British p2p lending service Zopa.com announced in an email, that it now plans to launch nationwide in the US changing older plans for a US launch limited to California. No date was given but sources say the launch is not immanent, but could rather take place mid-year.
The new website booberwatch.nl offers p2p lending stats for the Dutch p2p lending service boober.nl (as wiseclerk.com does for prosper.com stats). While the site is in Dutch language, it has many charts and tables that can be understood without speaking Dutch. The main page shows the fluctation of average interest for each credit grade over time. According to booberwatch 536207 Euros have been loaned so far.
Today I received an email from Arkadiusz Hadjuk of Fairrates.dk informing me, that his company started to offer p2p lending in Denmark. Most of the following information was supplied by him.
- There are individual listings, both lending and borrowing
- There are no groups
- There is auction bidding down interest rates, both lending and borrowing
- In case of non-payment (for over 1 month) a lender is assisted with
a collection procedure
- Minimum loan is 1000 DKK (approx. 135 Euro; approx $100)
- There is no maximum a lender can lend
- Maximum per loan is 50.000 DKK (approx. 6700 Euro; approx. $5100)
- Borrower can request minimum 1000 DKK
- Borrower can request maximum 50000 DKK until his income information
is verified – then the limit is lifted up
- Minimum bid is 1000 DKK
- Only people over 18 years old with Danish CPR number and Danish bank
account can lend/borrow
- No interest on unlend deposits
- Simple fee structure (borrower pays 1% of loan amount)
- Risk assessment is based on information and documentation provided
I did technorati and Google searches for additional information. Since I don't speak Danish I could not find much additional information, only a profile of Arkadiusz Hadjuk and a CV of Robert Pawel Bialek (CEO).
Judging by forum activity at Fairrates.dk there is not much traffic yet.
Following the previous post on Smava.de here is a look on the business case of the smava startup and the chances for profit.
Currently Smava earns only when a loan funds. Smava charges the borrower a 1% fee of the loan amount. Only other fee are 10 Euros per dunning letter (which is covers the costs of the dunning letters but is otherwise neglectable).
Possible reason for the low fee (in comparison to Prosper and Zopa) are the low interest rates in Germany which might not allow for higher fees. Loans range from 500 to 10.000 Euro. Assuming an average loan amount of 3000 Euro Smava would earn 30 Euro.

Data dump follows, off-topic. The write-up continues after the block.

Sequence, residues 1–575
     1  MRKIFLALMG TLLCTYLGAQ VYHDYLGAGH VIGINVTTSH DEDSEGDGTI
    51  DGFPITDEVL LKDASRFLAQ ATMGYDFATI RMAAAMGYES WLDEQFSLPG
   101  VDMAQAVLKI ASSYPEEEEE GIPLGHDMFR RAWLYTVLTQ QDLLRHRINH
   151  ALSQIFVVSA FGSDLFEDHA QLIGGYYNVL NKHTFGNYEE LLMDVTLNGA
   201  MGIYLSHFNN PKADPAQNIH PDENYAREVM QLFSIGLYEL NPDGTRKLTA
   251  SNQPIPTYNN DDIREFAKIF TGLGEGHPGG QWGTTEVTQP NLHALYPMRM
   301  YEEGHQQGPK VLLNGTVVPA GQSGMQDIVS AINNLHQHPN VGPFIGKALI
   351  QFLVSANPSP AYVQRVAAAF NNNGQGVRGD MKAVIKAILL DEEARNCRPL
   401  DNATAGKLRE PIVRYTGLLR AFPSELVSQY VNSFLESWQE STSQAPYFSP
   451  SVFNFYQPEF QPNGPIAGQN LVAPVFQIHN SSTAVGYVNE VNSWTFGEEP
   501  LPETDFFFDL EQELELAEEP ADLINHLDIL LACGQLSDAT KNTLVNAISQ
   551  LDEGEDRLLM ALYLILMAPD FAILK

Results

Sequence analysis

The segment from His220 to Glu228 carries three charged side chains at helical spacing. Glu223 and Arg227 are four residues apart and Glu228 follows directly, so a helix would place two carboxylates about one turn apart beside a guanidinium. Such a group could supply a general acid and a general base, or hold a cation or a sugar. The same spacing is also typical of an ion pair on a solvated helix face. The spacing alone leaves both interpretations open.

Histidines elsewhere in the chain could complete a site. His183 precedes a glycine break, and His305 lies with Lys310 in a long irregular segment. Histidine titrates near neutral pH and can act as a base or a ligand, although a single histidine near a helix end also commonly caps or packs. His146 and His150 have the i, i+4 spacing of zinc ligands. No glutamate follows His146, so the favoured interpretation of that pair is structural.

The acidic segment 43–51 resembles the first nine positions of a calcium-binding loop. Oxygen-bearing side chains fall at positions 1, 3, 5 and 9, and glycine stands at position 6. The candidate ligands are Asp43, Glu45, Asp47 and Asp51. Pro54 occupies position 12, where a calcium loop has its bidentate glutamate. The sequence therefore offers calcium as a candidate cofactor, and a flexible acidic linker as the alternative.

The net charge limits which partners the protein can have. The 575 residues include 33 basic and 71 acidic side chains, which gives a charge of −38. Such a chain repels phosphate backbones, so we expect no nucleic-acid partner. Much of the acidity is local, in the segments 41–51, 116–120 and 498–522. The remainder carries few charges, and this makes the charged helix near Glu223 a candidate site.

Looking at transaction costs, we have:
- Identity check of borrowers and lenders via PostIdent (approx 5 Euros each)
- Creditgrade check (estimate 1 Euro)
- Validation of documentation for borrowers (estimate 5 Euro, based on typical call center cost, actual inhouse costs could be higher or lower)
- Validation of documentation for lenders (estimate 3 Euro, based on typical call center cost, actual inhouse costs could be higher or lower)
Even looking at this transaction costs without taking into regard marketing, overhead, legal and setup costs it seems that Smava faces quite a challenge and will have to focus on automation of processes.
A critical factor in my view is the fact, that costs for lender and borrower identification are incurred before anything happens and regardless if borrowers and lenders become active. Learnings form Prosper.com are that 103.000 listings created only 9000 loans, which means 90% of listings gounfunded. Of the 230000 Prosper.com members about 23000 have the role lender. Only 12000 of these were active in the last 30 days.
Prosper does some verification only when a listing will fund.
An interesting factor of Smava is the high minimum fee of 500 Euro (which Colin Henderson was quick to point out).
In a call founder Eckart Vierkant reasoned that a lower minimum was not necessary due to the automatic risk spreading through the Anleger-Pool (see previous post).
The 500 Euro minimum has 2 interesting effects:
- since the lowest unit is 500 Euro, deposits from 0 to 499 Euro will accumulate on the lender accounts. Lenders collect non interest on these unloaned amount. Assuming an average 'parked' amount is 200 Euro and that the bank partner of Smava invests this money earning a return of 5 % that would mean 10 Euro profit per year and active lender
- the 500 Euro minimum keeps small lenders out (at least in theory since anybody can register for free)
It will be interesting to see how Smava deals with that challenge in future.
Startup Smava.de starts offering p2p lending in Germany. Anybody can lend or request a loan online. Borrowers, after registering will by checked for identity and credit grade by smava. Smava uses PostIdent (a service offered by German postal service Deutsche Post) to verify the identity of the borrower and relies on credit report information from Schufa, a leading German credit bureau. Smava is only open to borrowers with credit grades A to F (which smava says leads to expected default rates between 1.4% and 7.2%).